Not Your Puppet

Several years ago, when I was seeing a psychiatrist, he suggested I take a small role in a local theater production to help build confidence.  I thought he was nuts, if for no other reason than there were plenty of true actors and actresses vying for any role in these plays and I didn’t stand a chance against them. Another reason? I had no desire to do this. I wasn’t scared of doing it, I simply didn’t want to.

So I told him no, I wouldn’t do it, and he was shocked. “You mean you won’t do what your psychiatrist asks you do?” he asked. Now it was my turn to be astounded. Was this man’s ego so big he actually thought I would substitute his judgment for mine in any situation? Yes, I went there for help. But no, it didn’t mean I was a puppet.

When I was in high school, I joined a local church who taught us that what was preached from the pulpit was absolute truth and we were headed down a solitary road without God if we didn’t follow those teachings. I eventually left the church, but not before I heard someone praise one of the men in the congregation.

stack of books pixabayThis man didn’t blindly accept anything as gospel truth without testing it first. He knew the Bible better than just about anyone in that church and wasn’t afraid to contradict the pastor if he disagreed with him. But wasn’t a contrary man, he was loving and gracious. He just thought for himself. He wasn’t a puppet.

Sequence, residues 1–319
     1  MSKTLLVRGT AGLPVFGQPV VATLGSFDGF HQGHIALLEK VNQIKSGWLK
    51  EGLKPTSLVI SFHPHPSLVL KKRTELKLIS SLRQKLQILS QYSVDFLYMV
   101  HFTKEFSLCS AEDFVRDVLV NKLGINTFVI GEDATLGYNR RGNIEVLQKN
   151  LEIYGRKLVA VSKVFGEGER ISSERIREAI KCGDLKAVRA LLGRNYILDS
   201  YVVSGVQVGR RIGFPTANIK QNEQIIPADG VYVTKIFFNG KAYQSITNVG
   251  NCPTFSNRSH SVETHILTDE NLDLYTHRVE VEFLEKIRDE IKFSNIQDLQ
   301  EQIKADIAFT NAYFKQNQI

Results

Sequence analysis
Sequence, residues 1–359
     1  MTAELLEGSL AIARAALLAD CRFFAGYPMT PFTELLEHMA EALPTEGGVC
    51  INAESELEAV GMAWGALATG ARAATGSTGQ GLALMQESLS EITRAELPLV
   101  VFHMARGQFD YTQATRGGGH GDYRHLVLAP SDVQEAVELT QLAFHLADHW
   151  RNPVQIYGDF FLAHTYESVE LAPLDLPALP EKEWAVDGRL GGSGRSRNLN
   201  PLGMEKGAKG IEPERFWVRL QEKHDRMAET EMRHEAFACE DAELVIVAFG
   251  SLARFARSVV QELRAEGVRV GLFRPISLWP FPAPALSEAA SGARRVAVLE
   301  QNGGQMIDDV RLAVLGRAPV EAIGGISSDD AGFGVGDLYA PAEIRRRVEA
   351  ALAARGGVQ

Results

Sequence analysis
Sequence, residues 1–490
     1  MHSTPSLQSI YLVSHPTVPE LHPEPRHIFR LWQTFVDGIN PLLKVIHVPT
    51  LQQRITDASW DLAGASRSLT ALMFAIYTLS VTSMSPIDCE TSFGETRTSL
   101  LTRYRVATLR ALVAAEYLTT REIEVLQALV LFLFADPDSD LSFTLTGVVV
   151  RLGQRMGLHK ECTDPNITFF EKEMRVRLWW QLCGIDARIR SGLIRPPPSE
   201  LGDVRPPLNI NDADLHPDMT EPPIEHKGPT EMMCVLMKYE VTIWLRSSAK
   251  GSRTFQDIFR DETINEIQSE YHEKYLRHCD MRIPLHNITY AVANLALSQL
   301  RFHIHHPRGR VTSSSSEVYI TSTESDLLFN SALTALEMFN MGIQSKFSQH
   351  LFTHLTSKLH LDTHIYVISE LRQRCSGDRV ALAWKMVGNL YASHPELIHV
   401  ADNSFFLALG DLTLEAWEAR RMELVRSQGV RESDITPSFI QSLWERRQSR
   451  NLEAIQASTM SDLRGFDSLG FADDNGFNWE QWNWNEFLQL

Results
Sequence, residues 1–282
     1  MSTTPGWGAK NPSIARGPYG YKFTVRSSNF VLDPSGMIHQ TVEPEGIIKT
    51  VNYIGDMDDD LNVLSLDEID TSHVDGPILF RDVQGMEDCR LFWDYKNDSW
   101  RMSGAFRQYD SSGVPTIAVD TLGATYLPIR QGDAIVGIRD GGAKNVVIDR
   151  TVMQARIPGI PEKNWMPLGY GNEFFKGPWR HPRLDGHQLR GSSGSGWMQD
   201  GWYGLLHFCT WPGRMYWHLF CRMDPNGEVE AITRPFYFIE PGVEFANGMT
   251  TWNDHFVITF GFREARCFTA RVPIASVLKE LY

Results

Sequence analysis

It was a good lesson for me. I was young and impressionable enough that I struggled with leaving that congregation because I thought it meant I was rejecting God. I later learned one of the great lessons of my life: you can make up your own mind, and you can change your mind. It doesn’t mean you’re always going to be right, but it does mean you’re using the brain God gave you to try to get to know him better. And those are the lessons that stick.

Thinking for yourself can be a challenge if you’re a people-pleaser, which I used to be. I’ve gone through enough in the last twelve years that I no longer care what others think of me. But I’m not a rebel, in fact, I show a lot of respect for others, whether I agree with them or not.

Just don’t tell me to follow you blindly. I’m not a puppet.

Image Credits: Puppet © ArtFamily–; Stack of books–courtesy of Pixabay

3 Replies to “Not Your Puppet”

  1. Was that some kind of test from the psychiatrist or did he really mean for you to join a theatre group? Good for you for standing your ground.
    I used to aggravate some people at work by asking why? when we were told to do something. I needed a reason, not an order.
    It’s good to question people. Some of them might be the puppets they expect us to be.

    Liked by 1 person

    1. He really wanted me to join a theater group and was genuinely shocked when I said no. I stopped seeing him shortly after that, for any number of reasons.
      I agree with you about needing a reason, not an order. I’m much more motivated to do something when I understand why it needs to be done.

      Liked by 1 person

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